Monday, February 12, 2007

Schema models, FK constraints and Oracle Apps - a matter of entropy?

There's been an interesting series of posts on Oracle-L recently, which started with a request for a schema model of Oracle Apps. Jared Still posted this response, which included the observation:

Oracle Apps - Not quite as sure about it, but I believe its origins
predate the use of referential integrity in the database.

I worked on Oracle (UK) Accounting v3 during mid-late 80s, some ideas from which (code combinations for example) were 'borrowed' for what became Oracle Financials. AIRC that was around 1987-8. HR development started a little later, and being UK based was a lot more CASE (Oracle Designer) inclined (they shared the same building). Manufacturing originated in the US consulting organisation, and again they were somewhat more methodological than the original Apps team in Redwood. In both cases I think initial development still pre-dated the implementation of effective foreign keys in Oracle 7. For Financials, even the option of FKs in the dictionary was not yet on the menu.

The (defensible) strategy to 'disintegrate' the applications (eg having separate GL, AP, AR modules in Financials) made it easier to get early releases out of the door - but at the cost of hiding relationships. And of course the whole Application Foundation ethos of configurable code combinations and flexfields means that many relationships are impossible to implement as Oracle serverside constraints out of the box.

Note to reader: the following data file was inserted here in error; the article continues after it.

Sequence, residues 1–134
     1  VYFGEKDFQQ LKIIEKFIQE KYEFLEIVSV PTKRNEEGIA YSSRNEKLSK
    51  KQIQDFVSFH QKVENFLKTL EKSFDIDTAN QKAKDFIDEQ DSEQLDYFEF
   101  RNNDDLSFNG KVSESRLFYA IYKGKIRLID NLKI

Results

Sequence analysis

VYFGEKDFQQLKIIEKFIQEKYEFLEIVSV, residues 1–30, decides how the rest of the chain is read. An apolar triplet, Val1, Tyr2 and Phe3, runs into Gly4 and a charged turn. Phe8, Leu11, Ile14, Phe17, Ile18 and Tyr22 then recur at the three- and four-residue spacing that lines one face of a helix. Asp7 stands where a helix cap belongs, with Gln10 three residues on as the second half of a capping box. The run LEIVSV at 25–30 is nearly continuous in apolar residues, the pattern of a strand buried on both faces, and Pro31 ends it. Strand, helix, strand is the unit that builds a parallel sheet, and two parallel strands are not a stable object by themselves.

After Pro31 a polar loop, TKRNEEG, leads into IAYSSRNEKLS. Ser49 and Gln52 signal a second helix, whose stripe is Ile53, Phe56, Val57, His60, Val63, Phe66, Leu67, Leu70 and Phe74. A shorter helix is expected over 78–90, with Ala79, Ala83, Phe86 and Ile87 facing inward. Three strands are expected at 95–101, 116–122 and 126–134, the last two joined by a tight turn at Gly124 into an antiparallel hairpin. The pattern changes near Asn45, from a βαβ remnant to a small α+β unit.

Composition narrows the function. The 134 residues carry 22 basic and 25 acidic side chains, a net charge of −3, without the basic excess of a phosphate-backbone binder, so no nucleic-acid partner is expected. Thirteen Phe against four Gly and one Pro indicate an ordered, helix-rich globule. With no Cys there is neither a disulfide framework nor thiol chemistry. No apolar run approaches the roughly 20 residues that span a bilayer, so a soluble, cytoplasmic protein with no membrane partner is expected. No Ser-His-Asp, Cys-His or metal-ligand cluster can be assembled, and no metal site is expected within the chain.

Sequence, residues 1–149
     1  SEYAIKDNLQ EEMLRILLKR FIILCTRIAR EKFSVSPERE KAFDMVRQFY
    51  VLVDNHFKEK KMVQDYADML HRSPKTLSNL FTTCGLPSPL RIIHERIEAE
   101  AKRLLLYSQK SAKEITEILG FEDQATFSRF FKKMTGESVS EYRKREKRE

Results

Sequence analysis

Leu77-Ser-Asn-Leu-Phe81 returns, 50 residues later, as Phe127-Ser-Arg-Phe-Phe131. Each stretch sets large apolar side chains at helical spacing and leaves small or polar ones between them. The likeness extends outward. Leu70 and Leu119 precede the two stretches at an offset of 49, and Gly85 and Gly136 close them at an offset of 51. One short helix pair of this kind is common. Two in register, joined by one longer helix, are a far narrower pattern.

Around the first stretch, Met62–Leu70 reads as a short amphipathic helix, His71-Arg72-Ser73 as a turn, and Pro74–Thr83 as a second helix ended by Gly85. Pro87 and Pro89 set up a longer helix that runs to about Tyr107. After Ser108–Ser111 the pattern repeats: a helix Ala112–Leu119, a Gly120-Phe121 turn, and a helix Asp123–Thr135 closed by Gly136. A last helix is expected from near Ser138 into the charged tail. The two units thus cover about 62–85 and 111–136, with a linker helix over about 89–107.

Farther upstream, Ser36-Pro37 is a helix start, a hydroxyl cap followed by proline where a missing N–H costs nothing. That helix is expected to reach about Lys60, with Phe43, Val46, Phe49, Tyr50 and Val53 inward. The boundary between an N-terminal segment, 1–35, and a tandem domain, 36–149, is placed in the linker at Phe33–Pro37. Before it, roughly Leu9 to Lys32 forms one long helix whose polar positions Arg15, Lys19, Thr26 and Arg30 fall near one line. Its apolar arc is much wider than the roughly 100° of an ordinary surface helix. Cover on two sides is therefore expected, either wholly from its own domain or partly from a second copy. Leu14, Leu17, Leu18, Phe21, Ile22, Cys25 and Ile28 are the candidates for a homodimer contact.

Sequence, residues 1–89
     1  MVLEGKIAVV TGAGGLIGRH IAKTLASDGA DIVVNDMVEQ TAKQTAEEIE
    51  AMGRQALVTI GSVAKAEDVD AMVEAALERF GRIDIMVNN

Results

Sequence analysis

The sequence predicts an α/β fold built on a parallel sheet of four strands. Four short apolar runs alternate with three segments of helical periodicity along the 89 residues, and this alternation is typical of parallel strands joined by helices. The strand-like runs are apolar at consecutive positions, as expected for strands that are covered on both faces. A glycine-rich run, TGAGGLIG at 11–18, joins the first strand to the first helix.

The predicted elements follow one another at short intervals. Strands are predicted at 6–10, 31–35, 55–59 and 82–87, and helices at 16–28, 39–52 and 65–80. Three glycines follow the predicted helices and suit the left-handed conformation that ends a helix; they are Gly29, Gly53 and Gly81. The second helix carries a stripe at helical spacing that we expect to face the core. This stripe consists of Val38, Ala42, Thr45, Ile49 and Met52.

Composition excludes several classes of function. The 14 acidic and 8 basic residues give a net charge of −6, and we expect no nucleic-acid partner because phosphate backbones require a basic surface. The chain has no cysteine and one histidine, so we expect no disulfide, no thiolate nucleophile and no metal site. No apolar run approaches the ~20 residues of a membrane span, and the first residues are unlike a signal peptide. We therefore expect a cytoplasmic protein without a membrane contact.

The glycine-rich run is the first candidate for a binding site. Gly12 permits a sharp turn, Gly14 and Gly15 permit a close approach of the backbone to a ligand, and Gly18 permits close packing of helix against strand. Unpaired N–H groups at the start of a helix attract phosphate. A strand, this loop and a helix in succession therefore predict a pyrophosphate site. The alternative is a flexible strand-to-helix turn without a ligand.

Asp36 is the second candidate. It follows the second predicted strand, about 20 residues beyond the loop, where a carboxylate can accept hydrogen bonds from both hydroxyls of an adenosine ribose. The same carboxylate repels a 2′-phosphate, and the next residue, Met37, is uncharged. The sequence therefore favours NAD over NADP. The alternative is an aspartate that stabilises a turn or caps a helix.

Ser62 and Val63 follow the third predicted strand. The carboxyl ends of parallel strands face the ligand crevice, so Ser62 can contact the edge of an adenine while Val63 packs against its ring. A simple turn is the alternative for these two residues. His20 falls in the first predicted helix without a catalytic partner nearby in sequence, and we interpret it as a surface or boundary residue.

Since then, I guess the normal product development priorities have reigned: functionality/saleability first, customer bug fixes second, and engineering/non-functional improvements last. Performance fixing priority goes up and down the scale according to the level of pain being felt by critical customers (Cary Millsap will remember performance testing of release 9, for example).

Just try to explain to a VP of Applications that you want to spend (managers prefer 'invest') tens of man-years documenting and 'improving' internals. It's like painting the Golden Gate bridge - once you start, you never stop. That budget has to come from somewhere - and the other priorities always seem more attractive. So there is a tendency to maximise entropy (btw that's one of the main reasons why startups can beat gorillas).

All the large ERPs seem to suffer the same problems - it's not just Oracle. But as one poster said - the more gotchas there are in the Apps, the more work for us... in the short term at least.

Happy obfuscating!

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